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A Look At Beaver Stadium’s Potential Reduced-Capacity Plans

Although Penn State Athletics won’t bring fans to sporting events this fall under current guidelines, it gave fans a glimpse into what Beaver Stadium may look like at reduced capacity.

Athletics personnel shared the plans during a Zoom conference call Thursday afternoon. The proposal would only be implemented if Pennsylvania loosened its coronavirus mitigation guidelines, which currently cap outdoor gatherings at 250 people and indoor gatherings at 25.

The proposed plan, introduced by Senior Associate Athletic Director of Capital, Events, and Facilities Carl Heck, would allow up to 23,275 made up of students and season ticket holders. Fans would need to wear face masks and follow social distancing guidelines in their own “pod.” Pods would be made up of two, four, six, or eight fans and would be seated at least 6 feet apart from another pod. Chairbacks and cushions would be modified to show the location of each pod.

Additionally, zoned entry throughout the stadium would be required in order to improve contact tracing. Tickets to enter the stadium would be 100% mobile. Different from the past, all student seats would be assigned in accordance to the pods.

Parking would also be done in zones with the utilization of 33.3 percent of available spots. In previous years it has been common for fans to just tailgate and not attend the game. That’s not an option this year.

“Parking would be restricted to ticket holders,” Heck said. “We would open our lots four hours prior to the scheduled kick. We’d have forced parking to assist with social distancing guidelines.”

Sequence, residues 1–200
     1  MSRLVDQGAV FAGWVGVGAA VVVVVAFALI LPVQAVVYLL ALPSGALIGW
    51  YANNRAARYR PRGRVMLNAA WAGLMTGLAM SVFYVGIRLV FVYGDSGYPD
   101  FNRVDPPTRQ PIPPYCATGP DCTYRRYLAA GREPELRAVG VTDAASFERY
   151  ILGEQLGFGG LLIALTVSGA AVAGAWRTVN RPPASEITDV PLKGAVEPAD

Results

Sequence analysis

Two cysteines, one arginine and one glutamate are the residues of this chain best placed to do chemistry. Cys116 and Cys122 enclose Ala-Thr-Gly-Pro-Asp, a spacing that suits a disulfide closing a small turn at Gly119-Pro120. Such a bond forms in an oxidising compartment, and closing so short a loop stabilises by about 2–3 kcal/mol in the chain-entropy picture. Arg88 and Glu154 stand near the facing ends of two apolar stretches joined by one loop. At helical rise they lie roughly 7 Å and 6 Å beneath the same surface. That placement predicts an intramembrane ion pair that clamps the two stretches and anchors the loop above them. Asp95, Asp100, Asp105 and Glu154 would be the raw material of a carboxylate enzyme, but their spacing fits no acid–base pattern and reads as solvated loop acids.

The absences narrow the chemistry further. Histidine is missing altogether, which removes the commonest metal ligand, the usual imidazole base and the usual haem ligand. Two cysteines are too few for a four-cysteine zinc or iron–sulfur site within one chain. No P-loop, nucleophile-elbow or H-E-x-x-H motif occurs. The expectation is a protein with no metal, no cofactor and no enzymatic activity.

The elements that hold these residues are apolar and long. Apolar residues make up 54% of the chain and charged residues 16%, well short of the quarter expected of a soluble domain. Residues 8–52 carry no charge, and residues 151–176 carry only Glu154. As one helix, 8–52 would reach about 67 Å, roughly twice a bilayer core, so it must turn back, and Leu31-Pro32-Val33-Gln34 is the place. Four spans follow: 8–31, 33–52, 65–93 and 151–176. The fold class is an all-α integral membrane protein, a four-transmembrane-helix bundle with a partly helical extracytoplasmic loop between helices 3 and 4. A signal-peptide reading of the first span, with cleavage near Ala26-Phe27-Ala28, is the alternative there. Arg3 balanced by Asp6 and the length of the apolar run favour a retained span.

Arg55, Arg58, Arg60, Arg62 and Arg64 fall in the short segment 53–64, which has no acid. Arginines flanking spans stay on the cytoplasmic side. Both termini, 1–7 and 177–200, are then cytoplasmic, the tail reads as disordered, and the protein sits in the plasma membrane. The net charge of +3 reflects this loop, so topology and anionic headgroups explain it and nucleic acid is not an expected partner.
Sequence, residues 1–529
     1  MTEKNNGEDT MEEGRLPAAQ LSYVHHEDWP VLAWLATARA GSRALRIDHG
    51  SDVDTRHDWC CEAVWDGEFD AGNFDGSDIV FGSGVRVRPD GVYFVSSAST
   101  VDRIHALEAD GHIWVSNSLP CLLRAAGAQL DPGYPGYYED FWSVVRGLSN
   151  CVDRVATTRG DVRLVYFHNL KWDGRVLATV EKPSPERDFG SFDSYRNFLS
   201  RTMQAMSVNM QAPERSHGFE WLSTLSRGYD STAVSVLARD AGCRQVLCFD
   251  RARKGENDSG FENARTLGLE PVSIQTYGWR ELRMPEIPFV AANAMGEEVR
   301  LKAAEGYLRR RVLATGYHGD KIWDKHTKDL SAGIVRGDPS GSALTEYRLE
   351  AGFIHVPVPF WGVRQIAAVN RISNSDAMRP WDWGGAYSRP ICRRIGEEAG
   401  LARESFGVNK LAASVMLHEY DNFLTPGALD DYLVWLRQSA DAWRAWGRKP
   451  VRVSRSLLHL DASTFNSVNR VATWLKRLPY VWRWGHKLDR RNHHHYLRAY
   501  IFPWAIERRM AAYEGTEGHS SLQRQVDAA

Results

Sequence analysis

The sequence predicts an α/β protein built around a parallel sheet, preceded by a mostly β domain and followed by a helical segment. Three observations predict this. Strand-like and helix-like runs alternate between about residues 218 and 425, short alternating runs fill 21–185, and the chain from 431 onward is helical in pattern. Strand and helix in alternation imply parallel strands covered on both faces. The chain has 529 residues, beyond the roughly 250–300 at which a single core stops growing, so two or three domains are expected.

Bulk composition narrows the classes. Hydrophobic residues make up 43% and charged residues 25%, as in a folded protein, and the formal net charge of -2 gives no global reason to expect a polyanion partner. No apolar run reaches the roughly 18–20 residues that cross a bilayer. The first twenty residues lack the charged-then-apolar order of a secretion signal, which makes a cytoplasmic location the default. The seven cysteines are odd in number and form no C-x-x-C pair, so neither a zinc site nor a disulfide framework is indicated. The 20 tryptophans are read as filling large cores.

Additionally, all food and beverages served at concession stands would be prepackaged and allowed to be consumed in fans’ seats. Athletics would also implement touchless credit card machines and remove temporary seating areas throughout Beaver Stadium.

In the proposed plan, environmental hygiene is emphasized to try to make sure Beaver Stadium stays clean and healthy.

“We have purchased over 1,000 hand sanitizer stations,” Heck said. “There is going to be a thorough pre-cleaning of high-contact touch points throughout the stadium, continuous cleaning throughout the game. Permanent and temporary stands have been installed.”

All staff members would need to complete a health questionnaire and get their temperatures checked before working a game. If either doesn’t happen, that staff member wouldn’t work during that game.

Additionally, Heck touched on the results of three surveys Athletics put out to gauge fans’ attitudes regarding potentially attending Penn State football games and said responses were used to form these plans. The surveys found both staff members and fans emphasized wearing face masks and practicing good hygiene were top priorities.

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About the Author

Gabe Angieri

Gabe is a sophomore majoring in journalism and is an associate editor for Onward State. He grew up in Lindenhurst, NY and has had the absolute misfortune of rooting for the Jets, Mets, and Knicks. If you want to see his rants on all of his teams follow him on Twitter @gabeangieri and direct all hate mail and death threats to [email protected]

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